He said he worked for Clinton’s campaign in 2008, but didn’t quite like her model of leadership.

“It’s a long game,” he said by way of placating those who want to give up after seeing Sanders lose and then read the DNC-email leaks. “What we have now is a long-game trying to keep a lot of the followers who’ve come into this fold not doing virtual suicide and jumping off a roof because you’re not getting what you want right now.

While “you still have people who are ‘Bern-ing’ forward,” it’s become – on a grassroots level – a challenge to keep people engaged.

“Republicans fall in line,” he said, “but Democrats fall in love, which also means they get their hearts broken very hard."

Baird pointed to Russell’s speech as emblematic of a concerted effort to slyly turn frustration into begrudging support.

“She’s doing what they’ve decided is a great job. … She got the crowd chanting and then says ‘that we’ve got to make sure…’” she said. “That’s all part of the scripting of the convention: Bring in the people that are going to like and cheer for her, but make sure they sell [unity]. I can tell you from my local level that that unity is not actually in action. We don’t have anybody doing anything but trying to find out about us. Unity isn’t selling.”

As for what they expected to see from the man they’d hoped would receive the party nomination in three days, Ertz made that prediction in the quote atop this story. Then, Baird spoke up.

“Bernie has asked us to chill. My grandmother has asked me not to have sex before marriage,” he said. “He’s trying to keep us all together and people are going to take from it what they see: I think there are going to be some people who are grieving really hard.”

Sanders knew that when he headed out on stage before a sea of Bernie signs just after 10:45 p.m. He’d already tried to rein his folks in on a day that saw dozens require police intervention outside.

“Bernie sparked the beginning of a revolution, y’all,” said U.S. Rep Keith Ellison by way of an introduction that saw those signs waving when he shifted into elect-Hillary mode.

Tears welled in his eyes as he surveyed a room that welcomed him with a several-minute screaming ovation. He thanked Warren and first lady Michelle Obama. He thanked his voters and his delegates. Some yelled “thank you, Bernie” back at him, even before he said he “looks forward to your votes in the roll call vote tomorrow night.”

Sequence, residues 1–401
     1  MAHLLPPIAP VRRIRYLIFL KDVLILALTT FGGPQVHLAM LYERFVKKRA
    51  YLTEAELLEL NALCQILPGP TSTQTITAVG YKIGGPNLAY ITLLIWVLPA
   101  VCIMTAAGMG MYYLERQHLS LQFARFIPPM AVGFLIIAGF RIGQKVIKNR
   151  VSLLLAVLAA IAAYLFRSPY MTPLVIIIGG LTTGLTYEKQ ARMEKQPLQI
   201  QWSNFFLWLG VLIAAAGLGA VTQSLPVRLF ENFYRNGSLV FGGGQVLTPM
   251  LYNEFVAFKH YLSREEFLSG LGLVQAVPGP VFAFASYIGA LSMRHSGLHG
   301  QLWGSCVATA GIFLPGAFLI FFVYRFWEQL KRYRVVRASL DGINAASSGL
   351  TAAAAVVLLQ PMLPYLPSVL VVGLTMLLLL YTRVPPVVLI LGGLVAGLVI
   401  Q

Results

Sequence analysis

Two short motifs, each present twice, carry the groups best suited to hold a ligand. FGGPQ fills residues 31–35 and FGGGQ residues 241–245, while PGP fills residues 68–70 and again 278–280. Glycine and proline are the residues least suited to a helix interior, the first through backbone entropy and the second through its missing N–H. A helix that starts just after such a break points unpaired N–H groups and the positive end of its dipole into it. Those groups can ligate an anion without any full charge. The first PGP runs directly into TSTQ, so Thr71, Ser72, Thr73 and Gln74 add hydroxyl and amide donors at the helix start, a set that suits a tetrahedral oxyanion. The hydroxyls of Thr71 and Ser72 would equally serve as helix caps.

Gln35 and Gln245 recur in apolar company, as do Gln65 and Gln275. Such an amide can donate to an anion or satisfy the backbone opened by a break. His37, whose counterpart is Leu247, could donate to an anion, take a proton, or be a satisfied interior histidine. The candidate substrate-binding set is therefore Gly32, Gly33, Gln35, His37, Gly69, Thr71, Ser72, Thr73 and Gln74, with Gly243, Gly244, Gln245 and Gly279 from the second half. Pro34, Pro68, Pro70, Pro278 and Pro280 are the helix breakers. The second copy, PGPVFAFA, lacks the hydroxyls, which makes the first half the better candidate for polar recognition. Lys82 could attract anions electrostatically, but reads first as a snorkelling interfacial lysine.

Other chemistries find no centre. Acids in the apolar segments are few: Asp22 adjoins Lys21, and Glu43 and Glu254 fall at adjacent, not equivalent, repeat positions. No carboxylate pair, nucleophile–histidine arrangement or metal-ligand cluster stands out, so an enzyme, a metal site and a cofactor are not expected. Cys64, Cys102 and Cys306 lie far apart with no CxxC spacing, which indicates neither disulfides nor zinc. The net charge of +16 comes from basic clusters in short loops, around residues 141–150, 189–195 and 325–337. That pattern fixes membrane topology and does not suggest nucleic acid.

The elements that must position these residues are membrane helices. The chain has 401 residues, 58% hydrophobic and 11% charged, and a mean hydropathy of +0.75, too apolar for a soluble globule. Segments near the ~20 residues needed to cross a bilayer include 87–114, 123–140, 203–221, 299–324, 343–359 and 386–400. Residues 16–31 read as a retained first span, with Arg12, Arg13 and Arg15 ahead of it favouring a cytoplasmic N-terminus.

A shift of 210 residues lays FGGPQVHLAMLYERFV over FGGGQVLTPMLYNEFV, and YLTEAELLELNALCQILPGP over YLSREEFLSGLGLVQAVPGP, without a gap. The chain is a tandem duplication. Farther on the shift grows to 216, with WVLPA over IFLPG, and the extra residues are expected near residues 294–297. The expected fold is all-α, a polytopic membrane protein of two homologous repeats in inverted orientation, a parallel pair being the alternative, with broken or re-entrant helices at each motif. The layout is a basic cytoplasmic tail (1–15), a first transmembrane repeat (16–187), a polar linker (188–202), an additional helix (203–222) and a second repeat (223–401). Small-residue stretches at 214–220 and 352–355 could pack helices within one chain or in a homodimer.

He shouted out his wife, kids and grandkids. And then, he got down to business. He said he knew there was disappointment in the room because of the primary results, but urged followers to take pride in their accomplishments.

“Our revolution continues,” he triumphantly declared.

The election, he said, wasn’t about candidates, gossip, polls, fundraising or media hot-button issues. It’s about the “grotesque income and wealth disparities in America today.” And leveling out an uneven playing field.

But this wasn’t a standard Sanders stump speech, at least not entirely.

As the big screens showed a supporter with tears running down her face, Sanders put out a call to push forward in the fight that the campaign embraced rather than falling into divisiveness.

Don't sit this one out, he implored.

He declared that because of he and his supporters, the most progressive platform the party has ever seen is in place.

"I am going to do all that I can to make that happen," he said of a Hillary Clinton presidency, not a trace of cynicism to be heard. "Hillary Clinton will make a fantastic president, and I'm proud to stand with her tonight."

Then, some 40 minutes after he began, with some delegates having already called it a night, Sanders ceded a stage that will see, for the first time in American history, a woman accept a major political party's presidential nomination. 

What earlier in the day seemed like a dicey proposition transformed into Sanders' crowning moment. He won a crowd that had been fractured just hours earlier, at least by the looks of things from afar, out of earshot of those who still wish he'd have won.

I saw a lot of things in the Wells Fargo Center on Monday, some of which could be chalked up to theatrics, but by the time Sanders got done speaking, his call for supporters to vote for Hillary rang out loudest of all.

Now, it’s up to those who still mourn the loss of his candidacy to make that happen in his honor or, in the words of a comedienne, cling to ridiculousness.